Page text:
In order to ascertain the extent to which extent the employment relationship is becoming more individualistic, it is essential to trace back to the beginning of collectivistic and individualistic aspects in British industrial relations. Due to the limited scope of this essay, the investigation will commence from the time after the Second World War. During the post-war period, trade unions highly extended their membership and gained importance in industrial relations. The reason for this lies mainly in the liberal collectivistic policies of the Labour government at that time. Moreover, the increased employment in the public sector as a consequence of the extension of the welfare state by the Labour Party, contributed greatly to the growth of trade unions (Salamon, 2000).
It is evident that the employment relationship during the period from 1945 until 1979 is strongly characterised by collective negotiations and accordingly a high degree of representative employee participation. Collective bargaining was the primary method for resolving the dispute between management and the workforce and was supported rather than limited or controlled by the government (Simms & Charlwood, 2010, in Colling & Terry, 2010). The employees’ interests were thus represented collectively by trade unions, which negotiated with employers over pay and conditions on their behalf. As a consequence, distinctions in employment contracts among workers were almost not existent as the terms and conditions were relatively uniform within the particular industries (Brown et al., 2000).
Yet, the election of Margaret Thatcher in 1979 represented a critical turning point for unions’ position of power and thus the development of British industrial relations. Based on unitarist and liberal individualistic values, Thatcher’s Conservative government focused, in contrast to the preceding Labour Party, on promotion of individualism, employers’ ‘right to manage’ and deregulation of the labour market. Following this, its legislation programme intended on limiting the bargaining power of trade unions as they were seen as being responsible for wage inflation and therefore imposed, inter alia, a prohibition against closed-shop agreements and restrictions on the their right to strike. Further, Conservative monetarist policies such as privatisation of public organisations and decentralisation of collective bargaining contributed significantly to the strong decrease in trade union membership and density. Other factors that had great impact on trade unions’ weakened position were restructuring in employment, the high level of unemployment at that time and most notably the strong downturn in heavy and large-scale manufacturing industry where unions were well-established (Beardwell & Claydon, 2010). At the same time, employers and their managerial prerogative were reinforced by the shift from trade unions’ right for “negotiation and agreement to communication and consultation” (Rose, 2008:25) in industrial relations. In this way management gained more power and in some cases even excluded unions completely (Smith & Morton, 1993).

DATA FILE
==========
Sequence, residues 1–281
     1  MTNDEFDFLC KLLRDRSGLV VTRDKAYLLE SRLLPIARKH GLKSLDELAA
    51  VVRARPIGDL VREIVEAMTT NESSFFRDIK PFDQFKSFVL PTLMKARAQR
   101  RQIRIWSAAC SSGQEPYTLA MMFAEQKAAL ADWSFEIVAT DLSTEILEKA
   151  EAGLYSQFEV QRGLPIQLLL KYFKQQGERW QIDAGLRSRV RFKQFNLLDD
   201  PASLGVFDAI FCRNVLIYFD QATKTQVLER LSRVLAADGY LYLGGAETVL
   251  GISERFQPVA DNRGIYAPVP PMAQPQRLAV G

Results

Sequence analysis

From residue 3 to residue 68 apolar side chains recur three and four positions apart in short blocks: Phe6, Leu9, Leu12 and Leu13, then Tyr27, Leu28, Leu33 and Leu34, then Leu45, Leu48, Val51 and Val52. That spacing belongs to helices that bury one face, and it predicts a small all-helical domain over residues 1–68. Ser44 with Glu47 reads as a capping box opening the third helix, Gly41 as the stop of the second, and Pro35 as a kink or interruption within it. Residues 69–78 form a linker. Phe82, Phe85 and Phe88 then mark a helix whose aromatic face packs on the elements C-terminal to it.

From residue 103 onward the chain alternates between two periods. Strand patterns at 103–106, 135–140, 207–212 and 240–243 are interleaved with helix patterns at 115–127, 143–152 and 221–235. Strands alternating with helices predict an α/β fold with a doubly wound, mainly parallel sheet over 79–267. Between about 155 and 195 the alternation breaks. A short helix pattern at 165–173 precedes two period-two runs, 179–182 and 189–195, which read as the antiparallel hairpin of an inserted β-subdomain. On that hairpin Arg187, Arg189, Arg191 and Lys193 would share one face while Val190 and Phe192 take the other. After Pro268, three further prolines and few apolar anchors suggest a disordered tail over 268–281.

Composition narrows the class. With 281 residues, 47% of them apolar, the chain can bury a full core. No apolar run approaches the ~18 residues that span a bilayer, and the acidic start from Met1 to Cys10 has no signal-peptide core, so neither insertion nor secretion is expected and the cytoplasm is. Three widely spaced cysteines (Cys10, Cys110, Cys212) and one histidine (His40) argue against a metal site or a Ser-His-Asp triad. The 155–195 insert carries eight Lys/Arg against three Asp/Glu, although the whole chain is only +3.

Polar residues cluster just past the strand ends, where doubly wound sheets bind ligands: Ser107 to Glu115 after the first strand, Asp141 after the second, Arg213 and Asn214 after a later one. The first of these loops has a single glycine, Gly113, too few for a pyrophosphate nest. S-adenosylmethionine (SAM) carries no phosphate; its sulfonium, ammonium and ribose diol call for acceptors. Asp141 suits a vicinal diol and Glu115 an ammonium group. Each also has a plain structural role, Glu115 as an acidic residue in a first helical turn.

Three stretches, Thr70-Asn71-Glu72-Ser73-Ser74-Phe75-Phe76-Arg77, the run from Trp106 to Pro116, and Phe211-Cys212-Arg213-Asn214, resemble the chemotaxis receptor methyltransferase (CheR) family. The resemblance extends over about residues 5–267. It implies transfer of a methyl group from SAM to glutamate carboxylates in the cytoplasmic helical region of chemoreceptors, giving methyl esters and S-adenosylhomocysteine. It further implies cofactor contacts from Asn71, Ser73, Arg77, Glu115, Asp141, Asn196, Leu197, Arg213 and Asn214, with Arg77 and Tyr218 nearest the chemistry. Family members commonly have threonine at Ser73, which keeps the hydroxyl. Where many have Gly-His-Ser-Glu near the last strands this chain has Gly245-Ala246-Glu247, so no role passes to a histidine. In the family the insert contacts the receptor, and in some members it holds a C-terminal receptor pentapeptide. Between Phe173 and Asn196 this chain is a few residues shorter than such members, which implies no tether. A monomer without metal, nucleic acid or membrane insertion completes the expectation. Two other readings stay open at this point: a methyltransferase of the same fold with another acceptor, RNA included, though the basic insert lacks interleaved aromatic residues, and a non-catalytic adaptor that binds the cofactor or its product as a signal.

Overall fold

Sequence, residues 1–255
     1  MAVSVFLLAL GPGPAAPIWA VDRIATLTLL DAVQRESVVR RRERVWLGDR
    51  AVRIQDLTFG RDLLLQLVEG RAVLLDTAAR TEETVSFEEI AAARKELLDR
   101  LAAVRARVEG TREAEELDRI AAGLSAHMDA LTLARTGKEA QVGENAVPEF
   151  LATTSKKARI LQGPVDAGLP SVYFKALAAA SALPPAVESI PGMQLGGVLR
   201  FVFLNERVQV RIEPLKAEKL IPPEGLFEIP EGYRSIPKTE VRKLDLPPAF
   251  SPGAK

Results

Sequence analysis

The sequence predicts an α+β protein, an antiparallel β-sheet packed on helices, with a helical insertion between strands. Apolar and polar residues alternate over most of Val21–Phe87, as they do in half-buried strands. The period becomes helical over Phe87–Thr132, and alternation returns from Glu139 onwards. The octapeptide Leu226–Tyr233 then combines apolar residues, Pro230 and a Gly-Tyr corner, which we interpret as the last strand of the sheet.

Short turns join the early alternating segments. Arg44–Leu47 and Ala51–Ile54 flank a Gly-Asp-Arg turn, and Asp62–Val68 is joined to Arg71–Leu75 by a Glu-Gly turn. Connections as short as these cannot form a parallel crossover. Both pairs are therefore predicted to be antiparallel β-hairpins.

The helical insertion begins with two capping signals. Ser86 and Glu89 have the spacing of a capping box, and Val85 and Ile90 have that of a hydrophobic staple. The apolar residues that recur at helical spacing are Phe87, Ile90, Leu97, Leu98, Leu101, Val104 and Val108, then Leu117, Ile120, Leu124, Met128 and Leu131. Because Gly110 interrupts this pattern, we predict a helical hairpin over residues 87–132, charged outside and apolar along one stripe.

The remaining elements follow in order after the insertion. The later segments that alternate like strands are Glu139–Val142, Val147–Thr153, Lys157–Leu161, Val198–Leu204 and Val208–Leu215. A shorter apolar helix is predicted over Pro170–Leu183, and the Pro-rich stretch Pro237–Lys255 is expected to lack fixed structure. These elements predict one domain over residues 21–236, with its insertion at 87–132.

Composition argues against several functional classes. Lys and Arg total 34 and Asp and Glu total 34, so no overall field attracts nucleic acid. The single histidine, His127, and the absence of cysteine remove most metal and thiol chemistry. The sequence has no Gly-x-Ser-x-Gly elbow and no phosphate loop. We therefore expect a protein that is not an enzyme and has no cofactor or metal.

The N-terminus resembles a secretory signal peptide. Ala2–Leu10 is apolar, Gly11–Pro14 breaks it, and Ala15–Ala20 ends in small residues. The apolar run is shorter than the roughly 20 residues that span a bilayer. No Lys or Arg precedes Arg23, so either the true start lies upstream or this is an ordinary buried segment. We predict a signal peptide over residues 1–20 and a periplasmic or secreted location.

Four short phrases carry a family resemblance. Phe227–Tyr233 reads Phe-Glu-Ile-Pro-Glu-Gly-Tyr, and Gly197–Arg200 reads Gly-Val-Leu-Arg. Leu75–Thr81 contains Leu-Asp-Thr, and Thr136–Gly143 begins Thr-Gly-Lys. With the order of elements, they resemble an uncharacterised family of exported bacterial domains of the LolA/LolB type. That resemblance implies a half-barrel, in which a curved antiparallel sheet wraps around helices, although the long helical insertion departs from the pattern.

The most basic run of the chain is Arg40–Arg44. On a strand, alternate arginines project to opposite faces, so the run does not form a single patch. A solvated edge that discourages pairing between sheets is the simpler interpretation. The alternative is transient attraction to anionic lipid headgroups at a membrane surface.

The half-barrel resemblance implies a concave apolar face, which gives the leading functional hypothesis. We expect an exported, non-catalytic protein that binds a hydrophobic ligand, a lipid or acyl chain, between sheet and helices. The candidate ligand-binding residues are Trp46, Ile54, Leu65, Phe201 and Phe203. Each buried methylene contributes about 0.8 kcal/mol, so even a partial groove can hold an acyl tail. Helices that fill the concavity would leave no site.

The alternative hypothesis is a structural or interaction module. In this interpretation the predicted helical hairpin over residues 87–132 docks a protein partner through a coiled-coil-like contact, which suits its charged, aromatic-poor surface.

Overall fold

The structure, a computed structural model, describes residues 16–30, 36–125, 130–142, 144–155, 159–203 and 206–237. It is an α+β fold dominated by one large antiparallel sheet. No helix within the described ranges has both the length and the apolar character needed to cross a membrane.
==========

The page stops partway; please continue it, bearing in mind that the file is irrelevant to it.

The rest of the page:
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- Natalie Philips (Author), 2013, Examination of the extent to which the employment relationship is becoming more individualistic, Munich, GRIN Verlag, https://www.grin.com/document/268121